Our next seafood dish was made with octopus. Because cooking octopus can take up to two hours, it had been prepared in advance, and the technique was just explained without an actual demonstration. The suggested technique was to bring a large pot of water with peppercorns and a bay leaf to a boil. Once boiling, you should hold the octopus at the top and slowly dip its legs into the boiling water, then lift it out, dunk again, and repeat three times before placing the entire octopus into the water. Chef Olivella told us he didn't know why it worked, but it does, so that's how he boils octopus. For this dish, potatoes were also boiled, and that involved an interesting technique as well. The potatoes were placed in a pot and just covered with water. Then, as much as two cups of salt was added to the water, and the water was boiled until it evaporated. When the water evaporated, the potatoes were cooked and well-seasoned. The octopus legs were chopped into small pieces which were tossed with the potatoes and olive oil, and all was sprinkled with pimenton.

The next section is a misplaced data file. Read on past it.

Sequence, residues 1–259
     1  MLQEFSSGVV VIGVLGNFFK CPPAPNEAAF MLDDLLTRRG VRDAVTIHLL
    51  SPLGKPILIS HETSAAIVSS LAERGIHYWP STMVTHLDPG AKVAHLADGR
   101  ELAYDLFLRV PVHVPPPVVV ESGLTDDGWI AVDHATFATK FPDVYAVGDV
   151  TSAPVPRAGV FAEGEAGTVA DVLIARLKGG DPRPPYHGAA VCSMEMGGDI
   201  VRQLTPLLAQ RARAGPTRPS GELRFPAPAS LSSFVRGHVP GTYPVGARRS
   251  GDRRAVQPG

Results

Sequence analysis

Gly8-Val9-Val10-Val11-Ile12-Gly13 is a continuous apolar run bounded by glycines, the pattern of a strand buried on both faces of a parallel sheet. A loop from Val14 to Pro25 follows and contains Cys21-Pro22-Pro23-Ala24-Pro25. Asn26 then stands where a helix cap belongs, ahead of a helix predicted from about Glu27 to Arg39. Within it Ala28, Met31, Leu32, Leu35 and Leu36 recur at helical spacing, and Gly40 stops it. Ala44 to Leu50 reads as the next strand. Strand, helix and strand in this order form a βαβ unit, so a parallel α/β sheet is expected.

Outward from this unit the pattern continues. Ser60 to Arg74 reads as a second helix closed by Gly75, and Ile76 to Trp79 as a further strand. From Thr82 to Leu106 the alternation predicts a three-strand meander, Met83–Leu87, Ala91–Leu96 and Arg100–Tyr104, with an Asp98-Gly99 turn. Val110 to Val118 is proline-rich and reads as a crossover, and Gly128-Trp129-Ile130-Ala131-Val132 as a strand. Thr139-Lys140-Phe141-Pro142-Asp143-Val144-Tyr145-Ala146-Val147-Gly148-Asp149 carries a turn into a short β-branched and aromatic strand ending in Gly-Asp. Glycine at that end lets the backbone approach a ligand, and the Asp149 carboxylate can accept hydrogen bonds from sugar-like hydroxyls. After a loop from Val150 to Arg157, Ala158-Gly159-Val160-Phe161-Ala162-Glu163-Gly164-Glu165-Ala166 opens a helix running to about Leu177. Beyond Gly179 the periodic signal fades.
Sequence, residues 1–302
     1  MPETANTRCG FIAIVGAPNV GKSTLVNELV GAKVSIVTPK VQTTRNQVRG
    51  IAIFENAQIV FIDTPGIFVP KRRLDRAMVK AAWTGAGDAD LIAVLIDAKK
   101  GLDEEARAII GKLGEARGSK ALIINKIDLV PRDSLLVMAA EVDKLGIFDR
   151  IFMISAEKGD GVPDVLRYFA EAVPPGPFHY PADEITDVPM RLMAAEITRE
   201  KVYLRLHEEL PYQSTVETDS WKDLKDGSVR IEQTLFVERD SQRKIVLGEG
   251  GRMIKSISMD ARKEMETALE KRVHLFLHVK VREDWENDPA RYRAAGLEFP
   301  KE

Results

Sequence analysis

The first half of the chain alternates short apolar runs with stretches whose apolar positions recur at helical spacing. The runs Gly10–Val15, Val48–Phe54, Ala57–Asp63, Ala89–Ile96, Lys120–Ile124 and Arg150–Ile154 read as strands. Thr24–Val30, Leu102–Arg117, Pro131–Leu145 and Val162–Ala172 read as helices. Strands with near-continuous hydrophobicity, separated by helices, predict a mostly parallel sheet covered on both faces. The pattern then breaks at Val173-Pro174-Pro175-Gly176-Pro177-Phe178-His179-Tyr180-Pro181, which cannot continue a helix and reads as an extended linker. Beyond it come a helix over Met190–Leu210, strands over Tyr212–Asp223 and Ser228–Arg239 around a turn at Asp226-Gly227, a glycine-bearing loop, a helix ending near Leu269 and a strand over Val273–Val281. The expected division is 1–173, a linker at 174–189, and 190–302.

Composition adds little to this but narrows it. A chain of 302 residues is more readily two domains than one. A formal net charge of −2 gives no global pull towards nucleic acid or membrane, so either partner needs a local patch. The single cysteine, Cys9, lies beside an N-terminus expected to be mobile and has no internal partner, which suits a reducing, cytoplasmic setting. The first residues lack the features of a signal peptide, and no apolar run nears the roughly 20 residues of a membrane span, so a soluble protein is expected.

The next dish was very simple to prepare, but its fresh flavors jumped off the plate. It was a simply seared piece of tuna that had been crusted with a mix of crushed black, red, Jamaican, and Sichuan peppercorns. Both cherry tomatoes and roma tomatoes that had been skinned, seeded, and diced were sauteed in olive oil with basil leaves, and that mixture garnished the sliced tuna. The basil was intensified by the brief cooking and combined with the tomatoes for a bright, herbal note on top of the pepper seared tuna.